Off to the right along the Fort Parkway are two significant Birmingham factories. First, a bit less than a mile from the Outer Circle is Fort Dunlop, the common name of the original tyre factory and main office of Dunlop Rubber. It was built in 1916, and by 1954 the entire factory employed 10,000 workers. At one time, when it employed 3,200 workers, it was said to be the world’s largest factory. The company was sold in 1980 and the building, derelict for almost twenty years, has now been redeveloped into an office and retail space. Fort Dunlop in its new guise opened on 1 December 2006. The roof is covered by soil and grass, and is the largest grass roof in the United Kingdom providing natural insulation and a wildlife reserve. The roof features three cows!
The Fort Parkway ends at the junction of the Chester Road. The roundabout there is called Spitfire Island to recognise that the fact that the factories on the north west corner of the junction are where more than half of the Spitfire aircraft made during the Second World War were made. This is now the Jaguar car factory at Castle Bromwich. By the end of the war the factories were producing 320 Spitfires and 20 Lancasters a month – more aircraft than any other factory in the UK. The completed aircraft were pushed over the Chester Road onto Castle Bromwich aerodrome to take off and be tested.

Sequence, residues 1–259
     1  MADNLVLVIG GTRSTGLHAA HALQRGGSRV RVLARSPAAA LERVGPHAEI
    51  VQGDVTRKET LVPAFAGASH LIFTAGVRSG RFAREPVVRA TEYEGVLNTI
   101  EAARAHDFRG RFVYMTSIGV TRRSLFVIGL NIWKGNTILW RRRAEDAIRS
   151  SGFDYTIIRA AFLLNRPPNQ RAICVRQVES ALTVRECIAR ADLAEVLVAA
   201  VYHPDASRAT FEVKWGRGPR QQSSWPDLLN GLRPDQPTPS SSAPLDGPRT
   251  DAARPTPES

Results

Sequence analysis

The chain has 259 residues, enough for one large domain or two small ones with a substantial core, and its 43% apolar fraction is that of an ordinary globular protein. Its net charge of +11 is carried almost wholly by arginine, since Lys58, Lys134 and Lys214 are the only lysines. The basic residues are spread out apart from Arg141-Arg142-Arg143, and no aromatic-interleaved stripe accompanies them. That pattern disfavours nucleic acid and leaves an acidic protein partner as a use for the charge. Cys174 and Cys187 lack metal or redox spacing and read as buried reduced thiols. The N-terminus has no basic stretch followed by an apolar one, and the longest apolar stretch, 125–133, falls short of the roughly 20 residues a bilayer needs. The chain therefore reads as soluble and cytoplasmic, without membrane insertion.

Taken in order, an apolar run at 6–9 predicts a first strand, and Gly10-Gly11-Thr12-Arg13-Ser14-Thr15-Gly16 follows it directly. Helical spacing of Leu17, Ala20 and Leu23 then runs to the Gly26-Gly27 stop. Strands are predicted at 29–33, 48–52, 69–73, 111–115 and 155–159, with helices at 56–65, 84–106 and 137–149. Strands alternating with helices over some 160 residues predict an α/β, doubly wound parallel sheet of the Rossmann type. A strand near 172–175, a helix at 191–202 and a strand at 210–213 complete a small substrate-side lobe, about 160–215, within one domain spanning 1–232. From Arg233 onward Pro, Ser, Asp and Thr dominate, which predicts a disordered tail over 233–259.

In the 1960s Pressed Steel Fisher on the same site produced bodies for the Austin Mini, which were taken around the Outer Circle on transporters to Longbridge.
The next junction of the left is with Wheelwright Road where many old properties once stood until they were cleared in the 1960s.
On the left just before the canal was the original Navigation pub. This was built on Bromford Lane just before the canal. Then after the Tyburn Road was cut through about 100 yards further north a “new” navigation Inn was built facing the new road. This is now a Chinese restaurant call Buffet island – it’s supposed to be very good.
We then cross the over the Birmingham to Fazeley Canal which was completed in 1789. As with all these big projects the whole scheme was mired in controversy with the contractors and the canal company falling out over the materials used and the design of the route. The sorry tale ended up with the canal company superintendent James Bough being imprisoned for libel and Pinkertons the contractors making a loss of about £2,500 – a large sum in the Eighteenth Century.